The art of taxation consists in so plucking the goose as to get the most feathers with the least hissing - Jeane Baptiste Colbert
THE YEAR IS 2003, and Sean Paul dominates the charts with his brand of reggae-tinged gibberish. Britain swelters in record temperatures of 100 degrees. And a young journalist with a full head of hair takes delivery of his first smartphone. The Orange SPV - better known to international readers as the HTC Canary.
It had a joystick! It ran something that looked a bit like Windows, and I was used to Windows so that was good! And for the first time, I had the opportunity to access hundreds of games and programs - the odious word "app" then still being a future madman's coinage - that, and I can't stress this enough, were free.
Skip forward seven years to 2010. Giant space babies had not warned us of an impending second sun. Glee gave us a reason to throw footwear at our telly screens, and a then slightly beleaguered journalist took delivery of his first Android phone, the Sony Ericsson Xperia X10 better known to international readers as The Sony Ericsson Xperia X10.
I'd been nervous about switching to Android, as I'd been fiercely loyal to Windows Mobile for a long time. However, within moments I knew I was hooked. I was a bit shocked though, because the 'apps' had advertising. Oh well, I thought, those nice developers deserve to be able to buy themselves a beer.
It's now 2014 and all hell has broken loose. I have no problems paying for an app. That's fine, and it's a heck of a lot cheaper than buying a desktop program. But when I buy an app, I want to buy an app. I don't want to buy a licence to be given the opportunity to buy more parts of the app. In-app purchases are the work of the devil himself... well, more Satan's marketing department.
Now I won't lie, I love a bit of Candy Crush Saga. But why on earth would I pay 69p to get more lives when I've run out, rather than wait half an hour? I wouldn't and I don't. I need those 30 minutes to avoid alienating my partner, friends and co-workers rather than staring blankly at my phone all day. Earlier this year, a young chap ran up £1,000 in charges for such extras in The Simpsons Tapped Out.
That is a particularly pernicious game that allows you to progress only so far without buying doughnuts, the in-app currency. A single transaction can cost £75 and yet you can squander them by doing utterly pointless in-game tasks. Someone told me that to complete Tapped Out you would need to spend £60,000. I don't think it's genuinely that much somehow, but it's certainly going to run into thousands - and even more levels are added all the time.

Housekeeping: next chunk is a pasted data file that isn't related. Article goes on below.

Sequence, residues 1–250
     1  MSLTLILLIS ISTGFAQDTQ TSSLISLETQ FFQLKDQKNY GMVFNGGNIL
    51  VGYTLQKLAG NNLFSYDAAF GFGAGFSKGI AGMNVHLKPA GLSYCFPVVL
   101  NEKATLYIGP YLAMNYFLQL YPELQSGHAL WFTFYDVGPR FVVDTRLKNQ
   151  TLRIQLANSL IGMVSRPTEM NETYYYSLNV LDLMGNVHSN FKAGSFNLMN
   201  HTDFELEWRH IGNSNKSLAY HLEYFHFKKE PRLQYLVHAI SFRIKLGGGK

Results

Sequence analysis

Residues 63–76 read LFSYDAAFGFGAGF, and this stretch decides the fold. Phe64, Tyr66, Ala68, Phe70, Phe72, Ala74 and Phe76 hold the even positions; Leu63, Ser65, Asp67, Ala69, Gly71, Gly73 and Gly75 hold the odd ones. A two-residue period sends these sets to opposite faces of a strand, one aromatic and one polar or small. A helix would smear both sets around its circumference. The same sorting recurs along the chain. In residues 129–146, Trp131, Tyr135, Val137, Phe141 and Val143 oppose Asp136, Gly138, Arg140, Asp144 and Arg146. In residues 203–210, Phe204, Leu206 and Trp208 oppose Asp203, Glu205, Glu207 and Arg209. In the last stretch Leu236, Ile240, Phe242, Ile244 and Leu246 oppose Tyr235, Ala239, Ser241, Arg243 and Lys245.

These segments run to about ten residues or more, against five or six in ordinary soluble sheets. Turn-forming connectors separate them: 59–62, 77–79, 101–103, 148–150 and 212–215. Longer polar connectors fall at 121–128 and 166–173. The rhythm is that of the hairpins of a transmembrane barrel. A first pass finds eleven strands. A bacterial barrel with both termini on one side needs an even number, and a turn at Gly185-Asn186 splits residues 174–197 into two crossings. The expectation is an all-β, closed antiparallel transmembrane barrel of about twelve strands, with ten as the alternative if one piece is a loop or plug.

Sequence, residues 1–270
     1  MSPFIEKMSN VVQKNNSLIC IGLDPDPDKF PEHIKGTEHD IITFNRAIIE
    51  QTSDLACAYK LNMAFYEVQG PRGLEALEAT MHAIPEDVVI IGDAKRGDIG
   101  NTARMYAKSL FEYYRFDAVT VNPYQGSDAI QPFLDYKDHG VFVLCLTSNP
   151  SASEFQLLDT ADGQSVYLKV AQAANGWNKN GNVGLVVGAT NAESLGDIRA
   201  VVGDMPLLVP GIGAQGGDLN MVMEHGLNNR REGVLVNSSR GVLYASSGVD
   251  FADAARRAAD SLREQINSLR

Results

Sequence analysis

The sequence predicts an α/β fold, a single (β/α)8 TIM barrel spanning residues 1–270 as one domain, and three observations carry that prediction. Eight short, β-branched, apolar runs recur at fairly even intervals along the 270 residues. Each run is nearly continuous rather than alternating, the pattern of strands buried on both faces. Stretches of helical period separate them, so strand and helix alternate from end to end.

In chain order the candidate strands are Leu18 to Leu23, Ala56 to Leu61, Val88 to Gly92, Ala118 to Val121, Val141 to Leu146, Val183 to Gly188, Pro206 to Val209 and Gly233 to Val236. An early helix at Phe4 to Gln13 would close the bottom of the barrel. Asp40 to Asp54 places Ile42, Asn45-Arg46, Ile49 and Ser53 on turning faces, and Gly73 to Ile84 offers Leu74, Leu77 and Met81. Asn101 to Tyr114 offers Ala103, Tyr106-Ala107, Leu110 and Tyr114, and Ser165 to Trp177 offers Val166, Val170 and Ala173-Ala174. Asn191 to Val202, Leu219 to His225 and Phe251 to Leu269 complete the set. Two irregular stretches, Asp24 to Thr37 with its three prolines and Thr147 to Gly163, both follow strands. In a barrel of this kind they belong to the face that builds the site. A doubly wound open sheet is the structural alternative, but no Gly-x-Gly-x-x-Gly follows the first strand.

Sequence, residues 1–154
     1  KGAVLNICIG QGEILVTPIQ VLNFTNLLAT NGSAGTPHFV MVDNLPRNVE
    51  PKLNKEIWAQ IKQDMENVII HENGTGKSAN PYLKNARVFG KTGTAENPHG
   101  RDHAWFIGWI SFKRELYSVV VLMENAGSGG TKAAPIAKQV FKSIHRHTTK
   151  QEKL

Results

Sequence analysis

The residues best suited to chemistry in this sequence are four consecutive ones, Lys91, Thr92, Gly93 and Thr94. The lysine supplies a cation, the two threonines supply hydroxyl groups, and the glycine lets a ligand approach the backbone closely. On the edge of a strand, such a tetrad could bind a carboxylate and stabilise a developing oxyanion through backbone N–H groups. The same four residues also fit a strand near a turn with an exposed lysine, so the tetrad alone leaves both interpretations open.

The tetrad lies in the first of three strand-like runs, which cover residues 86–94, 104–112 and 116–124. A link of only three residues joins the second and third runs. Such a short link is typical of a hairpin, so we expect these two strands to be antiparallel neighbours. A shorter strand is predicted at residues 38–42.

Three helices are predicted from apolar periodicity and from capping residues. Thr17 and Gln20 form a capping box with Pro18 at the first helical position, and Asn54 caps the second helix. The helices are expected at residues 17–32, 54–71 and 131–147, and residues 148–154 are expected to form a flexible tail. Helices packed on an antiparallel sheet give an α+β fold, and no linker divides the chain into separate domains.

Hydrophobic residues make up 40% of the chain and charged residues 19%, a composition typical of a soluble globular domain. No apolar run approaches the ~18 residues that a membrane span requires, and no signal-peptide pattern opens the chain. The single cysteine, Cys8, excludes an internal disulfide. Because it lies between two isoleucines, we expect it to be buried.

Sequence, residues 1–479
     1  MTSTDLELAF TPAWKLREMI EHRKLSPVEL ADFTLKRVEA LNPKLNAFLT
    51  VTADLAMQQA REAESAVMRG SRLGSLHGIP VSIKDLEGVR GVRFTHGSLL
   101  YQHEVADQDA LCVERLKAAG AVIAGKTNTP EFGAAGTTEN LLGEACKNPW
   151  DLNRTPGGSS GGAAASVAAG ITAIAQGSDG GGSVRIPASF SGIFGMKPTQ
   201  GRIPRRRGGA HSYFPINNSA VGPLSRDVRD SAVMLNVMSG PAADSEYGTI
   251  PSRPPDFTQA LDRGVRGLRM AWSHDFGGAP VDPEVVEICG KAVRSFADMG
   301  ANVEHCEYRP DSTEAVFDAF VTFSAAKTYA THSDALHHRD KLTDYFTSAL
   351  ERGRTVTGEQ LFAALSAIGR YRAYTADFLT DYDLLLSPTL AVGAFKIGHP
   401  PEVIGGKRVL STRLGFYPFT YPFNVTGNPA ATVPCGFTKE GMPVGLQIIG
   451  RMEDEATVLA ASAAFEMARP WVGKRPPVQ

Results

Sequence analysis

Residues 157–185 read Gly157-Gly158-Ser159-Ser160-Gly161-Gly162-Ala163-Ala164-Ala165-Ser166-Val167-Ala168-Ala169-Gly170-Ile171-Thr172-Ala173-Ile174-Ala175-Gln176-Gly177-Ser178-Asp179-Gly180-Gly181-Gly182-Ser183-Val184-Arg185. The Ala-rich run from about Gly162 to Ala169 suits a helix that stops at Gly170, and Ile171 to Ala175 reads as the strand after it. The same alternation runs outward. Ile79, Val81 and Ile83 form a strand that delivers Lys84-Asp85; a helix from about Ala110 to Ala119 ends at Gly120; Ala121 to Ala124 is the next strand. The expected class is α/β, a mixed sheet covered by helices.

Note the difference. No in-app purchases for Candy Crush Saga is a mild inconvenience, while no in-app purchases for The Simpsons Tapped Out makes it impossible to continue.
Those are the extremes of course, but the idea of buying "level packs" when you think you own a game frustrates me. Quite often an app will say its free until you're hooked, and only then it tells you that you have to pay. Fortunately, Google is now labeling all apps that offer in-app purchases as such in the Play store.
One of my favourite keep fit apps that I bought for the not trivial sum of £4.99 suddenly announced to me the other day that I had reached the end of Season One, and asked if I would like to buy Season Two for another fiver? No, I bloody wouldn't.
I'm not alone, fortunately, and this week saw the launch of honestandroidgames.com, a website dedicated to apps that are paid for, sure, but paid for just the once, either as an upfront fee or a single in-app purchase. There are also free games available at App of the Day, App Gratis and Appsales to proactively inform you when apps are on special offer.
For me, there's no excuse for taking millions of smartphone users for suckers. There are loads of great free games, and there are loads of pay-once games. I have always refused to make any in-app purchases and I will continue to do so. Don't let your bank balance slowly disappear out of ignorance. µ
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